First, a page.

When you wake up consciously, but take a little longer to regain physical control of your body, it can result in you recognizing that you’re paralyzed. So you could look at sleep paralysis as your body and brain being a little out of sync.
Why do you see, hear or feel strange things?
The explanation for why you feel physically paralyzed but awake is one thing, but how does science explain 3 of the main sleep paralysis stories that people report?
- That there’s an intruder or other presence in the room.
- That there’s some kind of sleep paralysis demon pushing down on your chest, strangling or doing other unpleasant things to you.
- Having an out-of-body experience.
The first two are usually explained by a combination of three occurrences:
- During the Rapid Eye Movement (REM) stage of sleep, and the muscle paralysis that comes with it, your breathing is affected. It becomes shallower and when you try to breathe deeply you may feel that you can’t. Your brain might then misinterpret this as a feeling of being strangled or a presence pushing down on your chest.
- When you’re in a vulnerable and threatened state, the body naturally reacts with its fight or flight defense mechanism. For example, when you suddenly feel that someone wants to attack you and you get that surge of Adrenalin that makes your heart beat much faster. So if you wake up and are unable to move, and are in a hyper-vigilant state where everything you sense seems much more than it is, you may react to the sensation of paralysis and breathing difficulty by thinking that something bad is happening, or about to happen to you.
- In addition to the above two processes, several brain structures might interact to create a hypnagogic hallucination. For example, the common sleep paralysis stories of an intruder or demonic entity. The hallucination may not initially take on any particular form. But when the threat system comes into play, you might misinterpret the feeling that you’re not alone as being that the additional presence is something bad – thus creating a hallucination which is demonic or malevolent in some way.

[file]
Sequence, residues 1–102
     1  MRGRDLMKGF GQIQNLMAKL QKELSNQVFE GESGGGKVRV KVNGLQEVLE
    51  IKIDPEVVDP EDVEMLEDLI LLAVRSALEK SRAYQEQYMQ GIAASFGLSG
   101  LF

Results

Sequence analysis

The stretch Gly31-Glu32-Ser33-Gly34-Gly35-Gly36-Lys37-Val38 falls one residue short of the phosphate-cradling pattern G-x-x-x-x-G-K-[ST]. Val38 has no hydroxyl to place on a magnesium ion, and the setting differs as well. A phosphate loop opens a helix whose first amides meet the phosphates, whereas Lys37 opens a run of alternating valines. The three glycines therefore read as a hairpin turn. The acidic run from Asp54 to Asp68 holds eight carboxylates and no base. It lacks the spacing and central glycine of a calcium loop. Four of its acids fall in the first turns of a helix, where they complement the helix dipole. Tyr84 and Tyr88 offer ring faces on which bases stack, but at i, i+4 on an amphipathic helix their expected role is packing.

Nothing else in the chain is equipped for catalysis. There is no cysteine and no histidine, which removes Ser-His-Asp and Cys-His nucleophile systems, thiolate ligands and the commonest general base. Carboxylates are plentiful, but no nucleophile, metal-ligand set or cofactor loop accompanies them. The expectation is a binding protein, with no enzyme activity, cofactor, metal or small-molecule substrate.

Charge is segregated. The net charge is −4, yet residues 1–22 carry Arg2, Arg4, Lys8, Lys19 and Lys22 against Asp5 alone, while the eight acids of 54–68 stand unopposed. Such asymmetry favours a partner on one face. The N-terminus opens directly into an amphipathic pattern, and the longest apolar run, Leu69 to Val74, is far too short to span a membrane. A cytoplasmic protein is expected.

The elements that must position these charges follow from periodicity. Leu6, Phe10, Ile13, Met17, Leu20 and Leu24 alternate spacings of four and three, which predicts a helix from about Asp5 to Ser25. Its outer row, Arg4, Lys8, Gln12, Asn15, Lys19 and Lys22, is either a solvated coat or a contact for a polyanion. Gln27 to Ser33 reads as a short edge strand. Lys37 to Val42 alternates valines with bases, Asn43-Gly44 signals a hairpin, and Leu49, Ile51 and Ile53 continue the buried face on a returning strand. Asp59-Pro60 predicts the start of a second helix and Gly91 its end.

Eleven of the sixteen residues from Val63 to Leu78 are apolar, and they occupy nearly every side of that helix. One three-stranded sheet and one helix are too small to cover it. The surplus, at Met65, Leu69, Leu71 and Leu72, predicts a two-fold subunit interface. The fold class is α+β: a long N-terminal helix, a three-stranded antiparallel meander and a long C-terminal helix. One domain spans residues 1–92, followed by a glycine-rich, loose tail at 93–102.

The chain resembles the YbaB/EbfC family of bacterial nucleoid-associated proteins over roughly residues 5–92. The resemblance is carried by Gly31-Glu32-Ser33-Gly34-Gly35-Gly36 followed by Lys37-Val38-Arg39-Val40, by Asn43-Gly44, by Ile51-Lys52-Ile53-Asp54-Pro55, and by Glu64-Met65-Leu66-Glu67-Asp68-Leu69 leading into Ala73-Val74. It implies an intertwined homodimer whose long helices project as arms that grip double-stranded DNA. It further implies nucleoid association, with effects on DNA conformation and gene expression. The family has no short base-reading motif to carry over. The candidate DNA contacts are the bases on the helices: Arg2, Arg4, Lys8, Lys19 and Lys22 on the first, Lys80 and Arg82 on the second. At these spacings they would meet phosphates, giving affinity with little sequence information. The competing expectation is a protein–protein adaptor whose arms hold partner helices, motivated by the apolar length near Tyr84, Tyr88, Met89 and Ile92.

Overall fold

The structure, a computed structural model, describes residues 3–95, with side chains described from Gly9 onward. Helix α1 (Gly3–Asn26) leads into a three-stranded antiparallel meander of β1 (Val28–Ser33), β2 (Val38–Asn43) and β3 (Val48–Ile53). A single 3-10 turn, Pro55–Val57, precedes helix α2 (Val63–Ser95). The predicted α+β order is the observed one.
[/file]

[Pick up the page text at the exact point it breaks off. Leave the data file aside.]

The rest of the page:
The out-of-body experience isn’t explained by the activation of the threat system. It’s explained by the parts of the brain involved in coordinating movement and also working out where the body physically is in space. Researchers generally agree that an out-of-body experience is another form of hallucination caused by a neurological mechanism.
Dreams and nightmares overlapping with reality
In addition to the above, there’s also the confusion which can occur as your dreams or nightmares overlap with reality. If you wake up from a dream, but remain paralyzed, sometimes your dream imagery can appear to map onto the real world.
So you may have your eyes open, but still see, hear or feel some of the weird or frightening things which you were just dreaming about, even if you aren’t aware that you were just dreaming about those things.
So for example, you could be dreaming about some strange creature, then wake up paralyzed and continue to feel that the the same creature is close to you, though it’s now in your bedroom instead of the dream you were just experiencing.
Then you add the physiological elements that come with finding yourself paralyzed, and you have all the ingredients for being very scared.
Sleep paralysis causes – the not so scientific explanation
1. The Intruder
If you wake up in the middle of the night and you have a sudden feeling that there’s a human intruder in the room, then the possible explanation is simple. There really is someone else in the room.